Vascular Plants of North Carolina
Account for Bouquet Aster - Eurybia mirabilis   (Torrey & A. Gray) G.L. Nesom
Members of Asteraceae:
Members of Eurybia with account distribution info or public map:
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Section 6 » Order Asterales » Family Asteraceae
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Author(Torrey & A. Gray) G.L. Nesom
DistributionRestricted to the middle and lower southern Piedmont, north to Mecklenburg, Stanly, and Montgomery counties.

A quite small range; endemic to southern NC and central and western SC.
AbundanceDespite it being a "rare" species, in NC it is uncommon to locally common. Most populations appear to be stable in terms of numbers of plants. The NCNHP has it on its Significantly Rare list.
HabitatMesic, nutrient-rich soils of hardwood slopes, banks of brownwater rivers and streams, bottomlands. It favors circumneutral soils.
PhenologyFlowering and fruiting July-September.
IdentificationThe genus Eurybia has been split from Aster (now Symphyotrichum). Variation among species of each genus requires several steps in a key to split members of the two genera apart (see genus key in Weakley 2018).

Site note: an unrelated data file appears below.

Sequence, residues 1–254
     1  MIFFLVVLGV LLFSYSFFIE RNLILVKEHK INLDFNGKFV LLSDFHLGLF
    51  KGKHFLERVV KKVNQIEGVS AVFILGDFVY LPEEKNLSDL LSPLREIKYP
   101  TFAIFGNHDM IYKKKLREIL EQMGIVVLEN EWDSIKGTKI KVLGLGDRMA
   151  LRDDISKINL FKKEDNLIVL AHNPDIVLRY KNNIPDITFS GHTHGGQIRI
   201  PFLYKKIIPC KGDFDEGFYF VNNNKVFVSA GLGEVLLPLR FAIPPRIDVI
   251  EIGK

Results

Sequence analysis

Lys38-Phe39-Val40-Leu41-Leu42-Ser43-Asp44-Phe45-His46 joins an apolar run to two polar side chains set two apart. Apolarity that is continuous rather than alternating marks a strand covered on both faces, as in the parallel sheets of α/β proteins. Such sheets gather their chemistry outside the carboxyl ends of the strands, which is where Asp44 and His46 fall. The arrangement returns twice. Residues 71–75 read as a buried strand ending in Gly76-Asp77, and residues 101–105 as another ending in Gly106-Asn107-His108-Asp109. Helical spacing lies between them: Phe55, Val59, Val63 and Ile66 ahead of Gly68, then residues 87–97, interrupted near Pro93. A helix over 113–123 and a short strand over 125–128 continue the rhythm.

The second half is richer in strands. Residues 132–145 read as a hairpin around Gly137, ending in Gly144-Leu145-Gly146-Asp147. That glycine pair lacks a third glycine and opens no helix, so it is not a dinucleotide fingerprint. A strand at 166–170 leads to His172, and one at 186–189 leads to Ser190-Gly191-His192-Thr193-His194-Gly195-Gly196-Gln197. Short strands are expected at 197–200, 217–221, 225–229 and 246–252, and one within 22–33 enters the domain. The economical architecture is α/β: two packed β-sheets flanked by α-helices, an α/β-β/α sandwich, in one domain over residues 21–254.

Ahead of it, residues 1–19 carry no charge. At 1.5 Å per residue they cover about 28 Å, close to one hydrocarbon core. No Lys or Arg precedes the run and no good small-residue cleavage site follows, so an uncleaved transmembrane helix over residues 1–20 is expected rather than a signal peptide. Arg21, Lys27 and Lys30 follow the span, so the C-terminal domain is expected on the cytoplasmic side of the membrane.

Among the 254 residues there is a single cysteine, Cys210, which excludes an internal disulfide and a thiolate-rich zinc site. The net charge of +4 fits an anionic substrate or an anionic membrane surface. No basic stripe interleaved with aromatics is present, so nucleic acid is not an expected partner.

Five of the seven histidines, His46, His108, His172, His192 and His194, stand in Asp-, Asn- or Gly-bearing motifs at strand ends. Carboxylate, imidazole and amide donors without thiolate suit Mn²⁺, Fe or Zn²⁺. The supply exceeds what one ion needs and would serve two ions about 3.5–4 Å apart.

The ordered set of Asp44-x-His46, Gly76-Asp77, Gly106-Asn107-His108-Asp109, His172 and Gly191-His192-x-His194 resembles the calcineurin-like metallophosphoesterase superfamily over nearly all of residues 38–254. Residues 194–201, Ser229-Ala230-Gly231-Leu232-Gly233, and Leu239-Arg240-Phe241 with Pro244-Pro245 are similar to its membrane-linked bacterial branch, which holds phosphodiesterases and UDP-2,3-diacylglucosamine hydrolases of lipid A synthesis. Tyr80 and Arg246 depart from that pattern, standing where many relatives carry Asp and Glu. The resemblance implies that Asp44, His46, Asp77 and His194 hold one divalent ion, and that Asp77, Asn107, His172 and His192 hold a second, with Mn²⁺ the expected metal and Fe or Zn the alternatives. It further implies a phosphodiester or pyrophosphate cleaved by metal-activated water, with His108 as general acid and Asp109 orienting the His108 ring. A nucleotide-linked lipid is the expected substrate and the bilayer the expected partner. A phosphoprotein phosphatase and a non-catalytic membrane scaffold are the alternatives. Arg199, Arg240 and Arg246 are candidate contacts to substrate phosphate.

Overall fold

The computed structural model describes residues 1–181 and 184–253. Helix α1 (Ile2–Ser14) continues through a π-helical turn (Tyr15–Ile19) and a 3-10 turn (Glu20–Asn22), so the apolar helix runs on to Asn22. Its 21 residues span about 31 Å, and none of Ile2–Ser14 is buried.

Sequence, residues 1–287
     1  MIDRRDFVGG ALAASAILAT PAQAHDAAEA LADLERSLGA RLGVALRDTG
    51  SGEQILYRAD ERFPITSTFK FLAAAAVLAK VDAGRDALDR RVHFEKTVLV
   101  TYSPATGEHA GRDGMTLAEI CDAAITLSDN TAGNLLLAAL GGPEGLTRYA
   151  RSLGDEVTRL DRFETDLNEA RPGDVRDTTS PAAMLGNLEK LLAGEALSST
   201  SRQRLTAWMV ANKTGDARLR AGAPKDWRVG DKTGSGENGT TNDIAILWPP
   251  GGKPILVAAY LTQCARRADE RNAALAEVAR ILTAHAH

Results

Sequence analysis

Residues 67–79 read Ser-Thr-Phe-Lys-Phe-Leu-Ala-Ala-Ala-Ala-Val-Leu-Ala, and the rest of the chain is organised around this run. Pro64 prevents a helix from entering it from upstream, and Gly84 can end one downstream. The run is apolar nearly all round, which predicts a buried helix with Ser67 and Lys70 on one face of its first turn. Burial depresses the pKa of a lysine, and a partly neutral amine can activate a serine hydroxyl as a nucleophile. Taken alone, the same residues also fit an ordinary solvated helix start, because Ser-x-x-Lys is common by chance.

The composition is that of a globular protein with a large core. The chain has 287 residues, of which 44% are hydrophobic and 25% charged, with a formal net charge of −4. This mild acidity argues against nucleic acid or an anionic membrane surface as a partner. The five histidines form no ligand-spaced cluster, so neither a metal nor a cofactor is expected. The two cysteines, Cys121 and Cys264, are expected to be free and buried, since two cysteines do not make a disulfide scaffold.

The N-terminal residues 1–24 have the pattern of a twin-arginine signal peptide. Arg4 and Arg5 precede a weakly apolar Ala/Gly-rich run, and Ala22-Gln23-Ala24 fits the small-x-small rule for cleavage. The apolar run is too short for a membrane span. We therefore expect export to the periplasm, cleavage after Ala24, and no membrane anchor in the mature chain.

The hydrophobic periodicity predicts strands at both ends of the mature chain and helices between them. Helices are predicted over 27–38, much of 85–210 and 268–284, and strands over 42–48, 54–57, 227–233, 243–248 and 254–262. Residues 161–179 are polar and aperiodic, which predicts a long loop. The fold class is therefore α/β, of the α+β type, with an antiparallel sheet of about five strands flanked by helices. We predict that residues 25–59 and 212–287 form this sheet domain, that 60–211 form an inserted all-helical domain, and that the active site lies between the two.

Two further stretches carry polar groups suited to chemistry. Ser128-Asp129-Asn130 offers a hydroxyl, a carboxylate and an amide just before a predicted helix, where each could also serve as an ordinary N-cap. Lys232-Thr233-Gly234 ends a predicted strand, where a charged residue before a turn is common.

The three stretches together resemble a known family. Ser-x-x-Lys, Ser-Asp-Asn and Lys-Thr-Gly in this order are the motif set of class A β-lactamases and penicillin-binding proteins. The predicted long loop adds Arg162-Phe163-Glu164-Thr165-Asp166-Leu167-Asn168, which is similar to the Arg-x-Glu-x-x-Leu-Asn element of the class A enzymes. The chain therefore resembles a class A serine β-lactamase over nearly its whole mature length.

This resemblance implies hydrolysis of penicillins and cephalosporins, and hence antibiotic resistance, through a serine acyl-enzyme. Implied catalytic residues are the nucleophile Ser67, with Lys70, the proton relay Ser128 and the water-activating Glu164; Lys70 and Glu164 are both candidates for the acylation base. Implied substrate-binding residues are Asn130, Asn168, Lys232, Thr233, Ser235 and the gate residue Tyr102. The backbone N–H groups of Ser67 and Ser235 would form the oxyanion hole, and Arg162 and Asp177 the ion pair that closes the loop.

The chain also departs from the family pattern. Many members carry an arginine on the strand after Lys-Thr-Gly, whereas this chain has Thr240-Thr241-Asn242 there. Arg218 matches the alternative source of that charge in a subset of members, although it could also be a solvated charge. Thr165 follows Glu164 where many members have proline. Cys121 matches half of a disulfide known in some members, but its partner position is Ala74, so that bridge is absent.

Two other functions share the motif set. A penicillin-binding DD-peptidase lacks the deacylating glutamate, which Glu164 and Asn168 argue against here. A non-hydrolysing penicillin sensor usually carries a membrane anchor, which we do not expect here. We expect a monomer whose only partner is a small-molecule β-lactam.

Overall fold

Plants grow about 2 feet tall, sometimes to 3 feet, with ovate, short-pointed leaves that have cordate bases on long stalks (stalks are much reduced or absent on upper leaves). Inflorescences tend to be flat-topped or shallowly rounded, rather few-headed, with white rays. Note the recurved tips of the flower bracts! White Wood-aster (E. divaricata) may grow near it, but it has the flower bracts tightly appressed.
Taxonomic CommentsFormerly known as Aster commixtus or A. mirabilis.

Other Common Name(s)Piedmont Aster, Dwarf Aster
State RankS3
Global RankG3
State StatusSR-T
US Status
County Map - click on a county to view source of record.
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B.A. SorrieUnion County, 2011, same data. UnionPhoto_natural
B.A. SorrieUnion County, 2011, Cane Creek County Park. UnionPhoto_natural
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